“Two hundred dead could bring 20 years of peace to China,” former Chinese leader Deng Xiaoping was quoted as saying in recently declassified documents. His words were spoken weeks ahead of the bloody military crackdown on student protesters in Beijing’s Tiananmen Square on June 4, 1989.
The UK’s National Archives released on Dec. 30 a huge number of previously secret government files from 1989 and 1990. Over two dozen documents (pdf) dated between May 20 and July 21 in 1989 revealed the Margaret Thatcher administration’s understanding of the political climate in China in the lead-up to the crackdown. A major reveal: The UK embassy in Beijing knew two weeks before June 4 that the People’s Liberation Army was preparing to kill hundreds, if not thousands, of student protesters who had been gathering at Beijing’s main square for weeks.
On May 20, 1989, a month after students started occupying Tiananmen Square calling for democratic reform in the Communist Party, Deng declared martial law and deployed 300,000 troops to Beijing. On the same day, Sir Alan Ewen Donald, Britain’s ambassador to China, sent Downing Street a telegram about his lunch with American sinologist Stuart Schram.
“Professor Stuart Schram confided to me that one of his Chinese contacts had told him that in recent days Deng Xiaoping commented that ‘two hundred dead could bring 20 years of peace to China’,” Donald wrote. “The implication clearly was that the sacrifice of a number of demonstrators lives now would stabilize the present situation and buy the time needed to complete the reform of China.”
Donald went on to say that he learned from the Pentagon on the same night that the Chinese authorities had decided “there is no way to avoid bloodshed,” so they recalled state hospital staffers to their workplaces and instructed the troops to “do what is necessary to put down the situation.”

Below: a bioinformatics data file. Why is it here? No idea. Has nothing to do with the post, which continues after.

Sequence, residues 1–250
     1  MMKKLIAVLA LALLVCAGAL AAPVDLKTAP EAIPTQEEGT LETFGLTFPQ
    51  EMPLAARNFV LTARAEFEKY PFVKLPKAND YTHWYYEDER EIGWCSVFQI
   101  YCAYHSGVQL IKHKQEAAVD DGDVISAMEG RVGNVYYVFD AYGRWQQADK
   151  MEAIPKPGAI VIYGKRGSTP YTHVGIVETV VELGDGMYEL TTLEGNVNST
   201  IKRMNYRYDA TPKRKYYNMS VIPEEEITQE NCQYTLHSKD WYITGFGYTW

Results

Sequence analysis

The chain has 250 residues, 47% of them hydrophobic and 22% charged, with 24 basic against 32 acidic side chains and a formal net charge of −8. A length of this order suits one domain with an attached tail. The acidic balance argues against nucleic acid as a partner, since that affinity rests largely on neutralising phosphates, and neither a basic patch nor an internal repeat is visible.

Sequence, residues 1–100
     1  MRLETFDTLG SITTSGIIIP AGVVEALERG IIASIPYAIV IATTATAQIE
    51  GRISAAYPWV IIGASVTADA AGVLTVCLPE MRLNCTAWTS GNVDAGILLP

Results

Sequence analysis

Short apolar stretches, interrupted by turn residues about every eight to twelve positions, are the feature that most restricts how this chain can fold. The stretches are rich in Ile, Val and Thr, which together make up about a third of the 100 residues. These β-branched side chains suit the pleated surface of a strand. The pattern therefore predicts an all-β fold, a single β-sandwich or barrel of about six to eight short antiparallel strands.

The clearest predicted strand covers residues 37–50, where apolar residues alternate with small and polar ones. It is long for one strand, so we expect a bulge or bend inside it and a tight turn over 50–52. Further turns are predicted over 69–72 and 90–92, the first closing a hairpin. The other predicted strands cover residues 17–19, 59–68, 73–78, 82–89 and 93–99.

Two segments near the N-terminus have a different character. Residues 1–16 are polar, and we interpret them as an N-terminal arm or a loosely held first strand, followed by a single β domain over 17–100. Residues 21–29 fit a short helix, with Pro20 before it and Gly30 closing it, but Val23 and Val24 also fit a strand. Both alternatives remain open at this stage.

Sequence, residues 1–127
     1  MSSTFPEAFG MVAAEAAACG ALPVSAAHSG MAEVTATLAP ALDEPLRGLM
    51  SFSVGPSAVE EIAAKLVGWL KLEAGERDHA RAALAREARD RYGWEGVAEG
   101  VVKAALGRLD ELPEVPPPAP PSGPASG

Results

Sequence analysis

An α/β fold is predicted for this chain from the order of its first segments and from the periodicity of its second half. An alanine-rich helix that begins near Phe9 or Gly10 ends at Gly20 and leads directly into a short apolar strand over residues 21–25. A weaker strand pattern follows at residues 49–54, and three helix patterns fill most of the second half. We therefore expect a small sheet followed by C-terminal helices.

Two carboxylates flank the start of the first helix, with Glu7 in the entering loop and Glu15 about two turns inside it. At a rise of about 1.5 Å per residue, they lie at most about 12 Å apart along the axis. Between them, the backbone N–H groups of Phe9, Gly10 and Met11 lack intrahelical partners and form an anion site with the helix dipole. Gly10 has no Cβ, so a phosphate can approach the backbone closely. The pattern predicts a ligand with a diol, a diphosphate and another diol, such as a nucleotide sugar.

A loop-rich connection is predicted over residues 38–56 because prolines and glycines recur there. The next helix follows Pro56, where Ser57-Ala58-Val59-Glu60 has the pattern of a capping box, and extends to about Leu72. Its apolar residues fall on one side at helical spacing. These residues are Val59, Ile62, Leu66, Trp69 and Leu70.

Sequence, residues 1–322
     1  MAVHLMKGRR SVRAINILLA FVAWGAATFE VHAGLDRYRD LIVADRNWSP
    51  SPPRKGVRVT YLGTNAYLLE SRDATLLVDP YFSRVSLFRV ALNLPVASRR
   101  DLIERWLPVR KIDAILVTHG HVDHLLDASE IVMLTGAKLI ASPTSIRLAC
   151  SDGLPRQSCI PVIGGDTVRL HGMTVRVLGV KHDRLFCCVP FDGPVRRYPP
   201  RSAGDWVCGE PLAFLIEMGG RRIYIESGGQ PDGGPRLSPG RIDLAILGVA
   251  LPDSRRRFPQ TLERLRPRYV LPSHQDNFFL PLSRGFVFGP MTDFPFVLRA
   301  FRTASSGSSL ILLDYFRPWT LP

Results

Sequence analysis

He later confirmed with the US air force that the information is “very reliable.”
The Tiananmen Square massacre, also known as the June 4th incident, is one of the darkest moments in modern Chinese history. No uprisings on a similar scale in China have happened since then. The Communist Party strictly prevents people from mentioning the incident and suppresses any commemorations to the victims. Today, many young Chinese citizens don’t even know—or simply don’t care—about the incident.
The declassified papers also revealed Singapore’s founding father Lee Kuan Yew’s stance on the crackdown. During a meeting with ambassador Donald in July 1989, Lee said he was puzzled why the student protesters decided to escalate their general demands for political reform to directly attacking Deng, which he called “an act of folly.”
Lee also predicted that a military crackdown was Deng’s only option to put an end to the students’ resistance, something he “felt in his bones as a Chinese.”
What the cables also reflect are the conversations that were whirling around in Beijing in the weeks before the army received orders to open fire on the protesters. Many close to the Chinese government, including high-ranking party members who had sons and daughters among the protesters, knew that a more hardline faction was winning.
And on May 19, when ousted party chief Zhao Ziyang went to see the students with future prime minister Wen Jiabao at his side, he broke into tears as he told the students: “We have come too late.” Many took that as a further sign that a violent crackdown was imminent, but it was still not enough to convince the students and their supporters to leave. Beijing residents were conducting daily rounds to talk to the soldiers already stationed in the city, telling them that the protesters were not “counter-revolutionaries.” And at the end of it all, it was hard for a lot of Chinese people to believe that “the People’s Army” could open fire on the people.
This post has been updated with more details of what was happening in Beijing in May 1989.